Manufacturing – Part 1: The Impact of the Internet of Things
The impact of the Internet of Things on manufacturing is often talked about, but as ever, IT companies like to baffle the market with new buzzwords and to spread fear and uncertainty!
We read about the Industrial Internet, Industry 4.0 and smart factories. What’s really going on?
In simple terms this is all about using technology on the production line that incorporates sensors and controllers to make the production activity more visible, smarter and controlled in real-time.
More visibility means your own staff can deal with customer requirements more accurately, manage stocks, ordering and production to minimise costs, maximise output and quality.
Rather than basing this on manually created reports a week or a month old; devices and sensors are integrated into ERP systems to provide up to the minute information accurately, with minimal manual intervention.
Of course, it’s not a huge step from here to introduce automation for some aspects of decision-making. This can be a structure of simple rules – it doesn’t have to be rocket science. Or it can be sophisticated machine learning and Artificial Intelligence.
If production information is available internally then it can be made available externally.
Customer expectations across all industries are being reset by people’s own domestic experience of ecommerce – your customers will increasingly expect to be able to see and assess the progress of their own orders through your factory. Integration of your production activities with your customers, suppliers and partners becomes possible at a far more detailed level.
Perhaps the greatest opportunities are to continue to monitor and communicate with your products after they have been shipped and are in use. This enables new models for maintenance, support and entirely new opportunities for value-added services.
3D printing will have a revolutionary effect on many aspects of manufacturing in the future. Rapid prototyping and iteration are already becoming the norm, but the real revolutions will be in mass customisation where customer expectations will undergo major change in the coming years. Endless product versions and variations will become the common place.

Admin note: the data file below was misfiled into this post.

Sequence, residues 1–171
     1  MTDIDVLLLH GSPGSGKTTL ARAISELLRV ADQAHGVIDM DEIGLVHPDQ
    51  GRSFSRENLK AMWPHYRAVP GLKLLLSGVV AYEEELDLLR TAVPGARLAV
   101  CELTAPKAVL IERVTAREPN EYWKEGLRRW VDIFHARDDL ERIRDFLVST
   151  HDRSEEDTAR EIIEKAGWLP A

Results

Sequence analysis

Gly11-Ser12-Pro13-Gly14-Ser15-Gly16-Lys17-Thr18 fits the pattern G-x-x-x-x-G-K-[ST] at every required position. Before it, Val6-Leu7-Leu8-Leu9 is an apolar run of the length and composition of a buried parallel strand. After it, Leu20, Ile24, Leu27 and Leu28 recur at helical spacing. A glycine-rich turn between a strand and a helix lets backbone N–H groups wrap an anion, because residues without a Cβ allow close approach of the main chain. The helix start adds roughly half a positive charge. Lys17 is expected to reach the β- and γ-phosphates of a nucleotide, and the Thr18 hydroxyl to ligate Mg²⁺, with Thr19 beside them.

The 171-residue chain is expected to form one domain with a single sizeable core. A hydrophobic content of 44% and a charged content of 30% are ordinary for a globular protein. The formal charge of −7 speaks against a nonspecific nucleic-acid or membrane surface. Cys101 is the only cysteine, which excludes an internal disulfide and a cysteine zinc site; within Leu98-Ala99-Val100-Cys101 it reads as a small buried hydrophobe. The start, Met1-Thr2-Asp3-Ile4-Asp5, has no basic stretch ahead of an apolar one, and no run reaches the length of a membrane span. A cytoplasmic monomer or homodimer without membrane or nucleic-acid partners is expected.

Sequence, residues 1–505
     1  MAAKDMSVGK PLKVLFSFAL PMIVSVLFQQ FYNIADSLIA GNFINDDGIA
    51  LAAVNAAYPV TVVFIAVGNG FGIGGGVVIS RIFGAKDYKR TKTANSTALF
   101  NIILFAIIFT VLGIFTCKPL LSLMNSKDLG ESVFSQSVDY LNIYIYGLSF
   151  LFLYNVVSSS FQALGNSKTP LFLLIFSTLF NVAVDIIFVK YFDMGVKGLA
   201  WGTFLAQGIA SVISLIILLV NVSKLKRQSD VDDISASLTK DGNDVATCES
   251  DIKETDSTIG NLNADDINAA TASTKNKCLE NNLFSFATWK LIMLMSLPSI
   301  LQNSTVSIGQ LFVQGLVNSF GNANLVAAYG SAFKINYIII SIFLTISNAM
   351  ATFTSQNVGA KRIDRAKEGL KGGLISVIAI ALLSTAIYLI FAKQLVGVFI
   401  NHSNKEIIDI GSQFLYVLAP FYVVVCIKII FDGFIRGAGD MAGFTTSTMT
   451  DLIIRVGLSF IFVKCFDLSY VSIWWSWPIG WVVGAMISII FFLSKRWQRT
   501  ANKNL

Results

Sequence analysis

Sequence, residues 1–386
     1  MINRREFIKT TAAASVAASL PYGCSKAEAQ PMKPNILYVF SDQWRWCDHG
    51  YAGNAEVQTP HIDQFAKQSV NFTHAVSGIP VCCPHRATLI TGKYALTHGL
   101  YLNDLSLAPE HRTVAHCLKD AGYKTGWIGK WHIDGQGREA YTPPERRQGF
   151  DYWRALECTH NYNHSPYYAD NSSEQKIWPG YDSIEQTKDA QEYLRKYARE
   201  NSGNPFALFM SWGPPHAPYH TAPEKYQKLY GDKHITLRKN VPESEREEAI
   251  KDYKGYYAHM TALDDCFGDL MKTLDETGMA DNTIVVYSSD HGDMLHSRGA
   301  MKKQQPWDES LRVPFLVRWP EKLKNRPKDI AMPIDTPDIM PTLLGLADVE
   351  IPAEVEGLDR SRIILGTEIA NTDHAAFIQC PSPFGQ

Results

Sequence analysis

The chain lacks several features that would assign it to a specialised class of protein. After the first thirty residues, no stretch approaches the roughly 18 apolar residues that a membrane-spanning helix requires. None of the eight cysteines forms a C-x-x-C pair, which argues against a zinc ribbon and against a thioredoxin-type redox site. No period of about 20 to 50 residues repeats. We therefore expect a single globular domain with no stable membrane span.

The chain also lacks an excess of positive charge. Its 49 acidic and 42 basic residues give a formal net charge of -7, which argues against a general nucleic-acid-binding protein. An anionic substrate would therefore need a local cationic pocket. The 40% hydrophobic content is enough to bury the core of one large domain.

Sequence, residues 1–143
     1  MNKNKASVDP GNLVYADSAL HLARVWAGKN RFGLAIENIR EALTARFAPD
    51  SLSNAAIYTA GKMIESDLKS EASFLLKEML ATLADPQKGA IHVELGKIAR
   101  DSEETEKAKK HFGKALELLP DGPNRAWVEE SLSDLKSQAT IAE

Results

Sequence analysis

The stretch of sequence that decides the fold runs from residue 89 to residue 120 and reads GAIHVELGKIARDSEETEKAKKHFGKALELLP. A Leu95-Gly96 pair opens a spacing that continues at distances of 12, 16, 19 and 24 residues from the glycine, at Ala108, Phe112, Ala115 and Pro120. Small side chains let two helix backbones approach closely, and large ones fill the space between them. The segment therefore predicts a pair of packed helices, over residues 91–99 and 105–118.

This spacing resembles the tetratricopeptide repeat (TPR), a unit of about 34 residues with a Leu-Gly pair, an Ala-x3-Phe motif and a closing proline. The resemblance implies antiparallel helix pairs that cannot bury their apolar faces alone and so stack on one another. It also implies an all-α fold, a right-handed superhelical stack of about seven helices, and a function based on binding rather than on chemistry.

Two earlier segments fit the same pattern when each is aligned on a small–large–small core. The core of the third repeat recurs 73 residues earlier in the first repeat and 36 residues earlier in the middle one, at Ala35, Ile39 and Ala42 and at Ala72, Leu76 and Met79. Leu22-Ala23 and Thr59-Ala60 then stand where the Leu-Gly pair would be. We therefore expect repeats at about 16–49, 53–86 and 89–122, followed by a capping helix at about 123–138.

Equally significantly, 3D printing will massively reduce the need for stock holding, especially for spares, which will free up cash. This may have a transformative effect on smaller companies and their ability to invest in these new trends.
At a macro-level, these changes will all reduce labour costs which will reduce the attractiveness of low-cost economies, reduce economies of scale, and will enable a return to local manufacturing. We believe that ambitious mid-sized businesses will find huge opportunities in this change.
Finally, it’s worth noting that these trends towards local manufacture are forecast to reverse decades (or centuries) of growth in global trade of manufactured goods. A recent ING report estimated a reduction in world trade by as much as 40% by 2040! This will affect a wide range of industries from shipping to insurance, and may have very broad-ranging geopolitical ramifications as well. It won’t be the first time that manufacturing has changed the world!
You may also like to read the additional content on the Manufacturing series:
Freeman Clarke is the UK’s largest and most experienced team of IT leaders and we frequently work with manufacturing clients to help them deliver transformational programs of improvement and system efficiency. We are entirely independent of any technology or suppliers.